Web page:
“Google played the viral video of a Italian granny saying ‘ok gogooo’ to emphasise how important it is to build for diverse set of users. Jio phones in India already have Google Assistant enabled. It’s only a matter of time when Hinglish-speaking Indians adopt a voice-first way of interacting,” says Sreeraman Thiagarajan, co-founder of Agrahyah Technologies, a software company that builds apps and services in Indian vernacular languages.

Voxweb, a Singapore-based social networking platform, is using voice as a key feature. The platform allows users to share photos with an audio caption instead of traditional text captions. Company CEO and founder Yash Mishra claims that the platform has more than 40 million voice-augmented photos created by its users.

“Just like any new medium (which was the case with touch devices also in 2008), use of voice to interact with application interfaces will have slow adoption to start with, but adoption will accelerate fast and will show a hockey-stick curve growth. Voice is where ‘touch’ was in 2008 for many applications. Indians on smartphones, even in rural areas, are very good adopters of this new phenomena, and in applications where voice commands are composed of few simple words, a vast majority of Indian smart-phone owners are actually quite good,” he said.

Shift to voice-based service is now forcing businesses to revisit their approach to how they present their products to consumers. (AP)

Idea vs Reality
Just like most of the new technologies, the execution and adoption play a big role in success. For voice, we often wonder if people are even using it.

Fortunately, Google has some statistics to share. Its Google Assistant has more than 500 million active users globally. And in the context of India, Google Assistant usage has grown three-fold since the start of this year, said the company at its recent I/O 2018 developer conference.

Earlier, Google revealed its AI-based Assistant can now connect with over 5,000 devices for your home which is an increase from 1,500 this January.

Last December, Google disclosed that 28% of search queries in India are made via voice. It also said that Hindi voice search queries have grown at a rate of 400% year-on-year.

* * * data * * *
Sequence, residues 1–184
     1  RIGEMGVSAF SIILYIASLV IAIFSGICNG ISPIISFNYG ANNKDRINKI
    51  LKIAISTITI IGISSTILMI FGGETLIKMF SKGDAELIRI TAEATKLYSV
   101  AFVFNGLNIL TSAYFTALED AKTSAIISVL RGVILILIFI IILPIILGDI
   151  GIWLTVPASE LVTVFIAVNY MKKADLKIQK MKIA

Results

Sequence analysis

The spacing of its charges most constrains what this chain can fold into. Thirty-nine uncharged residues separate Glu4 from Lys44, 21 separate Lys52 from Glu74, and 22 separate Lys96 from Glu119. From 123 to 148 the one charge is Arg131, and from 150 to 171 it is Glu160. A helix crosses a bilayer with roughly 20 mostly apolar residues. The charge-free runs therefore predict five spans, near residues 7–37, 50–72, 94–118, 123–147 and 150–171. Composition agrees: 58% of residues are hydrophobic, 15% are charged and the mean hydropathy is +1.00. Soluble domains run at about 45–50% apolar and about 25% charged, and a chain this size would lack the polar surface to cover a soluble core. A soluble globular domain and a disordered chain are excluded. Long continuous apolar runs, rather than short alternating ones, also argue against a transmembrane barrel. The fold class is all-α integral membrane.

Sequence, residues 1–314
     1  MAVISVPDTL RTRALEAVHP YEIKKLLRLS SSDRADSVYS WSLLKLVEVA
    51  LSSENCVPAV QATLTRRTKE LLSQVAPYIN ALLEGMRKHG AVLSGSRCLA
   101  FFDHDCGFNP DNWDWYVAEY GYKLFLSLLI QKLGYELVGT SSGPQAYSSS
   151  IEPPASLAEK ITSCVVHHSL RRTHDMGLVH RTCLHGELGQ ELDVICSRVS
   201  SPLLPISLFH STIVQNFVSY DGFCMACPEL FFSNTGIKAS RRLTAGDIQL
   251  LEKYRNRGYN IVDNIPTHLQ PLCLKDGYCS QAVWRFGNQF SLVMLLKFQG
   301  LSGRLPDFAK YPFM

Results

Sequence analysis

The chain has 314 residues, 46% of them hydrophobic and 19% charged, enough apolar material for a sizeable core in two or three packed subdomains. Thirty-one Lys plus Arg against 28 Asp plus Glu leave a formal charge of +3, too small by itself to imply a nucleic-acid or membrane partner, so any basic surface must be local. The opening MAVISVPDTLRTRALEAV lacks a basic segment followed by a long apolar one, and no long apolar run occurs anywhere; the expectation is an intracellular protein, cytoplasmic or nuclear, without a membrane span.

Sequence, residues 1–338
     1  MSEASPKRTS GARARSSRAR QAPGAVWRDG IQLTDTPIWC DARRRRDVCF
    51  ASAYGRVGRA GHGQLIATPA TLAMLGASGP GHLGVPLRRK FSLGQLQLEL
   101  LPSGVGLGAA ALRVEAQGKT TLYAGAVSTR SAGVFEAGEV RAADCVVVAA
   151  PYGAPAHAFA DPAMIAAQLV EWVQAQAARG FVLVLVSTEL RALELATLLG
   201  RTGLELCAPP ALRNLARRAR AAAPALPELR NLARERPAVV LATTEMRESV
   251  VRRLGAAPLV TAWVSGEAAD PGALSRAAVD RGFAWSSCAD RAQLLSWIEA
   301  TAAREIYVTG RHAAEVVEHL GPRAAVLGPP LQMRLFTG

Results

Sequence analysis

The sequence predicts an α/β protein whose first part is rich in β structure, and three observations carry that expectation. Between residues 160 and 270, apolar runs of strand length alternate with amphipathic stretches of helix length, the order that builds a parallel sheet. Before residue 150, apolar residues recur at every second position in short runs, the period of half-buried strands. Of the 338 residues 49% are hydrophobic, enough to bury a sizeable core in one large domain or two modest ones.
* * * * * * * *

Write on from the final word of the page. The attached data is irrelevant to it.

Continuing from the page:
According to a separate estimate by Statista, 39% of the Indian population will have a digital voice assistant by end of this year.

The India Challenge
India has continued to be a priority market for the likes of Google, Amazon and Facebook. And over the years, we have seen these tech firms customising their services and products according to the preferences for the local users. Voice is no exception. While India presents a big opportunity to these tech firms, there are plenty of challenges these companies face.

“In India, these devices [smart home speakers] came only recently. So, many still see them as a novelty and would consider buying them but not feel a ‘need’ to do so,” notes Aryaman Tandon.

“Of course, those with more disposable income would not mind buying for the novelty. The total market size as of Feb 2018 was less than 1 million annual volume in India, but as Google Home has been released, that is growing. Still, it’s clearly significantly less than other categories,” he added.

Experts believe the biggest boost to voice-focused services will come after support for Indian vernacular languages.

“Voice-based services are primarily based in English right now in India, with support for Hinglish. For a diverse country like India with varying gradients of dialect, lack of availability of multiple language selection is a challenge. But then, that’s also an opportunity for both tech companies and brands to build for India, and attract the next wave of 500 million plus first-time internet users to start using voice as their primary UI. Think how digital natives never bother using landline phones or faxes anymore. The same can happen for those who started come online in a voice first world,” said Sreeraman Thiagarajan. ALSO READ: Google Assistant is now available in Hindi language: Here’s how it works